According to Marc H. Bornstein, and William E. Paden, the Golden Rule is arguably the most essential basis for the modern concept of human rights, in which each individual has a right to just treatment, and a reciprocal responsibility to ensure justice for others.
However, Leo Damrosch argued that the notion that the Golden Rule pertains to "rights" per se is a contemporary interpretation and has nothing to do with its origin. The development of human "rights" is a modern political ideal that began as a philosophical concept promulgated through the philosophy of Jean Jacques Rousseau in 18th century France, among others. His writings influenced Thomas Jefferson, who then incorporated Rousseau's reference to "inalienable rights" into the United States Declaration of Independence in 1776. Damrosch argued that to confuse the Golden Rule with human rights is to apply contemporary thinking to ancient concepts.
There has been research published arguing that some 'sense' of fair play and the Golden Rule may be stated and rooted in terms of neuroscientific and neuroethical principles.
The Golden Rule can also be explained from the perspectives of psychology, philosophy, sociology, human evolution, and economics. Psychologically, it involves a person empathizing with others. Philosophically, it involves a person perceiving their neighbor also as "I" or "self". Sociologically, "love your neighbor as yourself" is applicable between individuals, between groups, and also between individuals and groups. In evolution, "reciprocal altruism" is seen as a distinctive advance in the capacity of human groups to survive and reproduce, as their exceptional brains demanded exceptionally long childhoods and ongoing provision and protection even beyond that of the immediate family. In economics, Richard Swift, referring to ideas from David Graeber, suggests that "without some kind of reciprocity society would no longer be able to exist."
Study of other primates provides evidence that the Golden Rule exists in other non-human species.
Philosophers, such as Immanuel Kant and Friedrich Nietzsche, have objected to the rule on a variety of grounds. The most serious among these is its application. How does one know how others want to be treated? The obvious way is to ask them, but this cannot be done if one assumes they have not reached a particular and relevant understanding. One religion that officially rejects the Golden Rule is the Neo-Nazi religion of the "Creativity Movement" founded by Ben Klassen. Followers of the religion believe that the Golden Rule doesn't make sense and is a "completely unworkable principle.".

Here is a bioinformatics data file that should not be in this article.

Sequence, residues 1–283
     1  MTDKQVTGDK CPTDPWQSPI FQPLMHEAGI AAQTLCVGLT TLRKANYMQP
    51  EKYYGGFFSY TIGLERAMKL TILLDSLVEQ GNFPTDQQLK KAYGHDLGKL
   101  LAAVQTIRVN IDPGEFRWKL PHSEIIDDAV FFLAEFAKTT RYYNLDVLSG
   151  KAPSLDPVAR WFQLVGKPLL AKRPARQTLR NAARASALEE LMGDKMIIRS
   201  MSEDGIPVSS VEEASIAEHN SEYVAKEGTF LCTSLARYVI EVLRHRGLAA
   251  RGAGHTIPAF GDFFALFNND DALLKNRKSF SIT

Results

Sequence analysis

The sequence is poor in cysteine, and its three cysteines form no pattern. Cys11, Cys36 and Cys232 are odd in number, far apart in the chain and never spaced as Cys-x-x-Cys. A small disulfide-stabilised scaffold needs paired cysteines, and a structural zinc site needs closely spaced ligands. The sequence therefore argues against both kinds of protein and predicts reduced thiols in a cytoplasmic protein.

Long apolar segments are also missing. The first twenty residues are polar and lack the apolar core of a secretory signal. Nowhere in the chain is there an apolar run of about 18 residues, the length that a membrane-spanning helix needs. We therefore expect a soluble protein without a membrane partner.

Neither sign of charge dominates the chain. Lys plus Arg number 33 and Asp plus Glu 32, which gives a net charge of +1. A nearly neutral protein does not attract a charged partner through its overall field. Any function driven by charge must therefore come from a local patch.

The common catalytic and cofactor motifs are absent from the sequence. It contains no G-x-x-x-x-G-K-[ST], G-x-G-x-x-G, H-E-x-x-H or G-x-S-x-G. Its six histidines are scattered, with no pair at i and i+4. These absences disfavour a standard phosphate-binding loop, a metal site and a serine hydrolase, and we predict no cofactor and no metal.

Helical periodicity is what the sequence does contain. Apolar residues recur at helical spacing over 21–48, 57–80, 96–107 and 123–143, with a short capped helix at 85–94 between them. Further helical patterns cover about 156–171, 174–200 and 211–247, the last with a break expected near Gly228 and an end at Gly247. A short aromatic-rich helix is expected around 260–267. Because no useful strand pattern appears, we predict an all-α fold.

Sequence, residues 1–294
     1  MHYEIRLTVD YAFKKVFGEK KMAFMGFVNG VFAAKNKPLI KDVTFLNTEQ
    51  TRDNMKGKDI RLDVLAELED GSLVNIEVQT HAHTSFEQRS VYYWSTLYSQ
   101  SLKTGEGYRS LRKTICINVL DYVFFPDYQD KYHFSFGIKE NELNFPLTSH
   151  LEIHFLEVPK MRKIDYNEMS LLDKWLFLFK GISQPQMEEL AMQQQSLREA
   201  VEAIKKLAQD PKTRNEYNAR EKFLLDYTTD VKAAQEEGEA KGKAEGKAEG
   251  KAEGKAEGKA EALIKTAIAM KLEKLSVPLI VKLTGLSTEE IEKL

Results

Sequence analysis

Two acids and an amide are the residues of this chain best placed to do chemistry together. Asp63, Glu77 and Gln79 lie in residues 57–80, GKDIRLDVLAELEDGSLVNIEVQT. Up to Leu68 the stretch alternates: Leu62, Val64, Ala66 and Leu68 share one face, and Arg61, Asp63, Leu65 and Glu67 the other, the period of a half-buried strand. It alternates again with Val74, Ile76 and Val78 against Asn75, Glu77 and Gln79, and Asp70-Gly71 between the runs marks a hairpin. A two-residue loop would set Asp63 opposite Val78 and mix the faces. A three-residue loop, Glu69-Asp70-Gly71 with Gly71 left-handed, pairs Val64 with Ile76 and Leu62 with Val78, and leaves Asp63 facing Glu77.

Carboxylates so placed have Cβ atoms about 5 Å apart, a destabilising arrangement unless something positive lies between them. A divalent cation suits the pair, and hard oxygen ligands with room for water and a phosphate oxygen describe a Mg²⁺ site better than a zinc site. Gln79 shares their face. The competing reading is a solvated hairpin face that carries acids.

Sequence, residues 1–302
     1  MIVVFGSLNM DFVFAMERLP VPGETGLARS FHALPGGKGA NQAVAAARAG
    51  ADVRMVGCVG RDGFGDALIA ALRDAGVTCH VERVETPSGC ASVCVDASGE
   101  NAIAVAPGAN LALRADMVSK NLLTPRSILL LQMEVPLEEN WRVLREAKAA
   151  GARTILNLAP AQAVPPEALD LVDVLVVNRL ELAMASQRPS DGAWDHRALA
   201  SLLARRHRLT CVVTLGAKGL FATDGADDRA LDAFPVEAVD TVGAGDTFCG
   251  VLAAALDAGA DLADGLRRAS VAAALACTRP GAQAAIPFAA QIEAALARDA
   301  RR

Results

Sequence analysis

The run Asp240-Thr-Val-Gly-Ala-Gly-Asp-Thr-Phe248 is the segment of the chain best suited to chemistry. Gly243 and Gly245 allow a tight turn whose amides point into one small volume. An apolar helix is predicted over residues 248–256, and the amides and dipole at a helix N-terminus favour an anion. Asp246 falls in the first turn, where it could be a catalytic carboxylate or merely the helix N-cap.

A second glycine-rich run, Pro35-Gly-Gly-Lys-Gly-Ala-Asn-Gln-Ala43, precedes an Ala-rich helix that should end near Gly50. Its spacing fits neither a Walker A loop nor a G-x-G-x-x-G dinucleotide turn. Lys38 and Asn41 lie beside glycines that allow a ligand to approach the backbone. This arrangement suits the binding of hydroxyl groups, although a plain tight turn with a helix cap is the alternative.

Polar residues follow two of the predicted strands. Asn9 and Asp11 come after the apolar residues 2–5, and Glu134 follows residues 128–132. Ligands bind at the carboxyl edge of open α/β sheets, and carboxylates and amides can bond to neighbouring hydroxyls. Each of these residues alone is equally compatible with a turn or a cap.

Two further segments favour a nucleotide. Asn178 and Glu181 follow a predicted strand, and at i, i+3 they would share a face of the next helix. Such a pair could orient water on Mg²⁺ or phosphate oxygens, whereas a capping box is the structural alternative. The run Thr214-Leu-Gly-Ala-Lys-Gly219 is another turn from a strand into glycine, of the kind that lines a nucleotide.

George Bernard Shaw wrote, "Do not do unto others as you would that they should do unto you. Their tastes may not be the same." This suggests that if your values are not shared with others, the way you want to be treated will not be the way they want to be treated. Hence, the Golden Rule of "do unto others" is "dangerous in the wrong hands", according to philosopher Iain King, because "some fanatics have no aversion to death: the Golden Rule might inspire them to kill others in suicide missions."
Immanuel Kant famously criticized the golden rule for not being sensitive to differences of situation, noting that a prisoner duly convicted of a crime could appeal to the golden rule while asking the judge to release him, pointing out that the judge would not want anyone else to send him to prison, so he should not do so to others. Kant's Categorical Imperative, introduced in Groundwork of the Metaphysic of Morals, is often confused with the Golden Rule.
Walter Terence Stace, in The Concept of Morals (1937), wrote:
Mr Bernard Shaw's remark "Do not do unto others as you would that they should do unto you. Their tastes may be different" is no doubt a smart saying. But it seems to overlook the fact that "doing as you would be done by" includes taking into account your neighbour's tastes as you would that he should take yours into account. Thus the "golden rule" might still express the essence of a universal morality even if no two men in the world had any needs or tastes in common.
Marcus George Singer observed that there are two importantly different ways of looking at the golden rule: as requiring (1) that you perform specific actions that you want others to do to you or (2) that you guide your behavior in the same general ways that you want others to. Counter-examples to the golden rule typically are more forceful against the first than the second.
In his book on the golden rule, Jeffrey Wattles makes the similar observation that such objections typically arise while applying the golden rule in certain general ways (namely, ignoring differences in taste, in situation, and so forth). But if we apply the golden rule to our own method of using it, asking in effect if we would want other people to apply the golden rule in such ways, the answer would typically be no, since it is quite predictable that others' ignoring of such factors will lead to behavior which we object to. It follows that we should not do so ourselves—according to the golden rule. In this way, the golden rule may be self-correcting. An article by Jouni Reinikainen develops this suggestion in greater detail.
It is possible, then, that the golden rule can itself guide us in identifying which differences of situation are morally relevant. We would often want other people to ignore any prejudice against our race or nationality when deciding how to act towards us, but would also want them to not ignore our differing preferences in food, desire for aggressiveness, and so on. This principle of "doing unto others, wherever possible, as they would be done by..." has sometimes been termed the platinum rule.
Charles Kingsley's The Water Babies (1863) includes a character named Mrs Do-As-You-Would-Be-Done-By (and another, Mrs Be-Done-By-As-You-Did).